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‘If I can help one girl, why not five? Why not ten?’ That's what Maggie Doyne asked herself after paying seven dollars for a Nepalese child’s school fees during a gap year trip.

Maggie was only nineteen years old when she took a bus trip to war-torn Nepal and became involved with a small girl, Nema, who was scavenging garbage and breaking rocks into gravel on the side of the road. She took her to school, paid her fees, and bought her a school uniform. But Nema was an orphan and needed shelter, food and clothing too. 

Maggie called her parents and asked them to send over her savings, $5,000 earned by babysitting while at high school.  With that Maggie bought a piece of land and began to build a shelter for orphans.

But she quickly ran out of money and had to return to the US to raise funds. Friends, family and the local community supported her vision and after a few months she had raised enough to return to Nepal.  Maggie now had formal custody of 40 Nepalese children living in the orphanage she called The Kopila Valley Children’s Home.

The new orphanage was soon overrun with children and Maggie was desperate for more funds when she won a CosmoGirl award for her work worth $20,000. (Bizarrely, they then whisked her off to New York for a beauty makeover.) This was followed by another award which funded the primary school. Built in 2010, it now has more than 230 pupils from the region, many of them the first member of their family ever to attend school.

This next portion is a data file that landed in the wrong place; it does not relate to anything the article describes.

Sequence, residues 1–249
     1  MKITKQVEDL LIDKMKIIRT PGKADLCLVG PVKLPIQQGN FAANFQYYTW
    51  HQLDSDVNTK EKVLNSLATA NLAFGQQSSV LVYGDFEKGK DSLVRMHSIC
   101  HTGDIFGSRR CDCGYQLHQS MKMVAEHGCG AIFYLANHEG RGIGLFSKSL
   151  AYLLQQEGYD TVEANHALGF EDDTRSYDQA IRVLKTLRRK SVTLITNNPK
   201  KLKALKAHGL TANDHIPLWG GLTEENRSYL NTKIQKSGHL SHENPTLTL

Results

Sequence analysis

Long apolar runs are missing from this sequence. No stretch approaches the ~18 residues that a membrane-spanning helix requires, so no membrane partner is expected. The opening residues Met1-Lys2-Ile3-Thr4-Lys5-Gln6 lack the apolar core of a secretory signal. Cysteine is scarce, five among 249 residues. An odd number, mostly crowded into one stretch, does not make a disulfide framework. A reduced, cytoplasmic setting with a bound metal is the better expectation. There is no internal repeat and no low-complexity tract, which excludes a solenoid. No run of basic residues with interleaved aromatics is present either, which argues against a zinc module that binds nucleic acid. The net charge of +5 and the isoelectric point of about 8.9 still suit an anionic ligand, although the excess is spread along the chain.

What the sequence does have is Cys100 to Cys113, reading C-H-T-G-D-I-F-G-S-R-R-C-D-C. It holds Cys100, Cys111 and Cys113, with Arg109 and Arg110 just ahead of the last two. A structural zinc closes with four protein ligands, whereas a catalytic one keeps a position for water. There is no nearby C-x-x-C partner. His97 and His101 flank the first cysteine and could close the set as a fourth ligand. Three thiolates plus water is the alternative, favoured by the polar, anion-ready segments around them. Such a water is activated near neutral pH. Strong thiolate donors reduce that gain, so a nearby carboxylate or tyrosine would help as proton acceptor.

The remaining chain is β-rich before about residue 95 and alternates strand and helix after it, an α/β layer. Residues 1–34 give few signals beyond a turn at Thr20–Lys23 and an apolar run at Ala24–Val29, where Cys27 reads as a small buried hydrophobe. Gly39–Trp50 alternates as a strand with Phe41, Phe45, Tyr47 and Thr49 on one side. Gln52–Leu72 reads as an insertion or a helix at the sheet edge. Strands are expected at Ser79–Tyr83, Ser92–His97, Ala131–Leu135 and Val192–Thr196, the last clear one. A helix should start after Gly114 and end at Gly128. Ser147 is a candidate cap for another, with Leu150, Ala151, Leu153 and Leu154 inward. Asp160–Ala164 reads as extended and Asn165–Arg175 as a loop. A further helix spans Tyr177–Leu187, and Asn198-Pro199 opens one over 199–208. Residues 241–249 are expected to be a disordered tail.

Maggie hopes to give the children vocational skills which will bring in a steady income. And although the school is co-ed, Maggie has a special interest in the girls, not least because uneducated girls are especially at risk of exploitation.

‘I believe that if every child in the world is provided with their most basic needs and rights—a safe home, medical care, an education, and love—they will grow to be leaders and end cycles of poverty and violence in our world,’ says Maggie.

She shares her ideas with other young people through The BlinkNow Foundation. ‘I believe that in the blink of an eye, we can all make a difference,’ she says.

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